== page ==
An ultrasound test called nuchal translucency increasingly is being used as a method to detect the risk that an infant will be born with Down syndrome, the Wall Street Journal reports. The test involves a blood screening followed by an ultrasound about one week later at 11 to 13 weeks' gestation to determine the size of a fetus and the thickness of its neck. (snip)
The American College of Obstetricians and Gynecologists in January recommended that all pregnant women be offered nuchal translucency. Based on the personalized risk assessment, a woman can then decide whether to undergo a test, such as chorionic villus sampling, or an amniocentesis, both of which detect almost all cases of Down syndrome but have an increased risk of miscarriage, according to the Journal. About one in 800 infants is born with Down syndrome, the Journal reports (Wall Street Journal, 5/8).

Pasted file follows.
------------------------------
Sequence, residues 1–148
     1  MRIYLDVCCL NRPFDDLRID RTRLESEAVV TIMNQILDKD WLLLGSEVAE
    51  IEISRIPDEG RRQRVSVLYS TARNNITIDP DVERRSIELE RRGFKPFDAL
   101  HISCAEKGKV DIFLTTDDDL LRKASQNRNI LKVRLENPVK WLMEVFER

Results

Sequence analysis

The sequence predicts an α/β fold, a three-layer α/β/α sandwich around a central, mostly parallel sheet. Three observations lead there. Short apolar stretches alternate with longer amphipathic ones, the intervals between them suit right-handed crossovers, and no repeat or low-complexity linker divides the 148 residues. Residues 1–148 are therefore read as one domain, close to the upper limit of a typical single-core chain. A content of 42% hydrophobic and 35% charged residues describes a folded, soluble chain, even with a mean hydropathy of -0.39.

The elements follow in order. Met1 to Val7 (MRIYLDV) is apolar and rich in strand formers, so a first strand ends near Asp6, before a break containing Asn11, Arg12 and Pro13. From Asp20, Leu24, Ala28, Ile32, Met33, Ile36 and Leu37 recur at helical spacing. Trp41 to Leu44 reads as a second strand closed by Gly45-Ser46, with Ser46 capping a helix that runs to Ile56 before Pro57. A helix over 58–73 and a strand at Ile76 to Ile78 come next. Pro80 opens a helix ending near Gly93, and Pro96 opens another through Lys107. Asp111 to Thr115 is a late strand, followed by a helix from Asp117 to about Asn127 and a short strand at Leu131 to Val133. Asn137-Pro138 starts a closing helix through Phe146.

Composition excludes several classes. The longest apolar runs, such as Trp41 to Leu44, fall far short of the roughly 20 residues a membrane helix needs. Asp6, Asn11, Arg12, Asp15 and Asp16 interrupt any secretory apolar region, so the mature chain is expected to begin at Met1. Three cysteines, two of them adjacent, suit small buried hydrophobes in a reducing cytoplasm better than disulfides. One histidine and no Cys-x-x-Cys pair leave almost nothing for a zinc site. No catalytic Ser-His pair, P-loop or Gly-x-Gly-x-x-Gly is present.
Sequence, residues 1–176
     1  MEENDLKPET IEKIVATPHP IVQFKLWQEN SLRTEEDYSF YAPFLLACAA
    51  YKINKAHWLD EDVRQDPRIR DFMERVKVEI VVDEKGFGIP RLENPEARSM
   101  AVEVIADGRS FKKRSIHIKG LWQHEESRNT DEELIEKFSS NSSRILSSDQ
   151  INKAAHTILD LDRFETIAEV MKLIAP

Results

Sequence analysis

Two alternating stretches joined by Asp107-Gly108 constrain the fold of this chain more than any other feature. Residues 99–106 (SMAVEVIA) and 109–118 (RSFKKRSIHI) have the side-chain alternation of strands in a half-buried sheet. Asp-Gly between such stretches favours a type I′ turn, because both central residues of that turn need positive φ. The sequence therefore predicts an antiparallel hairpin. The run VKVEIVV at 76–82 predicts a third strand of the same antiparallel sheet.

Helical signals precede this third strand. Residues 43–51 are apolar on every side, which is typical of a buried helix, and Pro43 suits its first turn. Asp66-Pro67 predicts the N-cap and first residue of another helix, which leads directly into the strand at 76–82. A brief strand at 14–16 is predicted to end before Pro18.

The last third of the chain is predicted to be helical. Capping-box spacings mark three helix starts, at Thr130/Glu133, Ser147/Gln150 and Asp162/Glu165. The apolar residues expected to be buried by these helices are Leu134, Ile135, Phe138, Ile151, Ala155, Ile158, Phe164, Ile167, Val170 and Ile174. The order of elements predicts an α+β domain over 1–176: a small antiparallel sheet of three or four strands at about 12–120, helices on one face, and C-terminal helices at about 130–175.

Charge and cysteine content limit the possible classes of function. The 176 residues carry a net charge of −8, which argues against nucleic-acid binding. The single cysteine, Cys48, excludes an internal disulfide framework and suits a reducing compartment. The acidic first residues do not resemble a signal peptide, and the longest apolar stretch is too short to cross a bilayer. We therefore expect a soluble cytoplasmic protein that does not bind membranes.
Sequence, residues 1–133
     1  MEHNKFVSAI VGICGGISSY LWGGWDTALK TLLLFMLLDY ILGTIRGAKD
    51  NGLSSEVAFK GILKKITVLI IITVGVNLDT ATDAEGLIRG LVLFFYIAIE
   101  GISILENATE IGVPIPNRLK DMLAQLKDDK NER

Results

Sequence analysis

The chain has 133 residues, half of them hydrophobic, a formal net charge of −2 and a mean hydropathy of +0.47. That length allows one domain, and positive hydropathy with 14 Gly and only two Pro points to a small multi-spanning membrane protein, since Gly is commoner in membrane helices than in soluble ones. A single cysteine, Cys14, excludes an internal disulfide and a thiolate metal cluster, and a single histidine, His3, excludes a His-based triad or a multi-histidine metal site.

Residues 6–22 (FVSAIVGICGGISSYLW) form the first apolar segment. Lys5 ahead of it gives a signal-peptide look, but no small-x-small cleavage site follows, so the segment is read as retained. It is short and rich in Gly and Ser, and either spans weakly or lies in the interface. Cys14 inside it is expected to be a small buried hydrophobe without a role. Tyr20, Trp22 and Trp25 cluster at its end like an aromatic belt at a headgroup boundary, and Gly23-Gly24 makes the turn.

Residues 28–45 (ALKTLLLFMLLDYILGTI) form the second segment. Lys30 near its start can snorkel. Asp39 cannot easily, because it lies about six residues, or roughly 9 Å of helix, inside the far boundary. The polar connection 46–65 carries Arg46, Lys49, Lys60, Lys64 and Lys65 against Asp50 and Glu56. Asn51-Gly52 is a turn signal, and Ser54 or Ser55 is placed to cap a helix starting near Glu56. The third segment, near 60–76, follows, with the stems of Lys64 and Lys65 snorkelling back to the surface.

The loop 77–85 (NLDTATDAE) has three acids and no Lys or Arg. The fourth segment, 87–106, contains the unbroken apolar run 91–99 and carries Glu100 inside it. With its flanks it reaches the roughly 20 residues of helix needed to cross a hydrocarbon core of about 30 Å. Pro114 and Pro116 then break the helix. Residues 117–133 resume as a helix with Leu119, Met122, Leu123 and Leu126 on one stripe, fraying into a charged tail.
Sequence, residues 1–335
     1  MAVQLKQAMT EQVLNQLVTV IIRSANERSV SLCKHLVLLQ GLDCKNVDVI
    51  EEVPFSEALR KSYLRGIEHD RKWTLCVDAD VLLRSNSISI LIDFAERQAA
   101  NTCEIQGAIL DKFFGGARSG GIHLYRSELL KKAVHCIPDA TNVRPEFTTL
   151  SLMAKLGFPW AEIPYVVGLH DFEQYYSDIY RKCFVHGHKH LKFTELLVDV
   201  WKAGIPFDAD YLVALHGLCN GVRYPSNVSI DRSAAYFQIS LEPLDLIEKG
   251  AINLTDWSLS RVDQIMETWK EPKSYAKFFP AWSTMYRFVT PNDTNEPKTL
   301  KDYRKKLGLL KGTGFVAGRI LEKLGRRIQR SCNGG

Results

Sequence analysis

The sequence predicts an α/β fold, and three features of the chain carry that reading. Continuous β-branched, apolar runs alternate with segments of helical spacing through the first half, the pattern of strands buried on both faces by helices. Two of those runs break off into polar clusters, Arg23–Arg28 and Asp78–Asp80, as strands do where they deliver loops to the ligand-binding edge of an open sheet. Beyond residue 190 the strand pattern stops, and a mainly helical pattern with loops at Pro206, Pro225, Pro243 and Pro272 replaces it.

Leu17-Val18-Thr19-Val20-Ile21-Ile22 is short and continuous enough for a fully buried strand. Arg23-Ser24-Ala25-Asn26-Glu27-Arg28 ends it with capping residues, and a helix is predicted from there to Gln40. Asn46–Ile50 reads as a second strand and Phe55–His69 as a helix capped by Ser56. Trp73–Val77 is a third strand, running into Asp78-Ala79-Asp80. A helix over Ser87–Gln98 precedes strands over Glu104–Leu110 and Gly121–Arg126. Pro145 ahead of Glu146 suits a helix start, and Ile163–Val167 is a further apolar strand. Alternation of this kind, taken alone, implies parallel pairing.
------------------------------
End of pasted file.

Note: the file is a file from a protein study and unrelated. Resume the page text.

We spend several minutes of the first prenatal visit talking with moms (and dads) about all the optional testing available to them. Thanks to ACOG, we must discuss screening to see if the parents carry the genes for CF. Thanks to a few "wrongful life" lawsuits, we must discuss maternal serum screening with all, and amniocentesis with moms over the age of 35. Now, we must also discuss the above cited 'early' Down Syndrome screening.
I work within the system, but there are many days when I just want to become an outlaw, a rebel. I won't. I realize that my rebellious reactions are not necessarily what I am called to! but I do get so very frustrated, I really do.